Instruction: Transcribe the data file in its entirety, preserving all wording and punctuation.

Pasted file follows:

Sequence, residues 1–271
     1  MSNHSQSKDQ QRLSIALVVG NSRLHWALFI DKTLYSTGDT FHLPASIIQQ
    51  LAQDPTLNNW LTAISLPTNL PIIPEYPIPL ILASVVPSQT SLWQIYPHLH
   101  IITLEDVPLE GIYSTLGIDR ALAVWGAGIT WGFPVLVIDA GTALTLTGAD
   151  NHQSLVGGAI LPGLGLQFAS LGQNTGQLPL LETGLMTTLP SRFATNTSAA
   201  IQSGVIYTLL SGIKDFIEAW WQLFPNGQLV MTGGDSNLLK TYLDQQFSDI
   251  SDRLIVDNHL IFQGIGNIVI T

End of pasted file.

Sequence, residues 1–271
     1  MSNHSQSKDQ QRLSIALVVG NSRLHWALFI DKTLYSTGDT FHLPASIIQQ
    51  LAQDPTLNNW LTAISLPTNL PIIPEYPIPL ILASVVPSQT SLWQIYPHLH
   101  IITLEDVPLE GIYSTLGIDR ALAVWGAGIT WGFPVLVIDA GTALTLTGAD
   151  NHQSLVGGAI LPGLGLQFAS LGQNTGQLPL LETGLMTTLP SRFATNTSAA
   201  IQSGVIYTLL SGIKDFIEAW WQLFPNGQLV MTGGDSNLLK TYLDQQFSDI
   251  SDRLIVDNHL IFQGIGNIVI T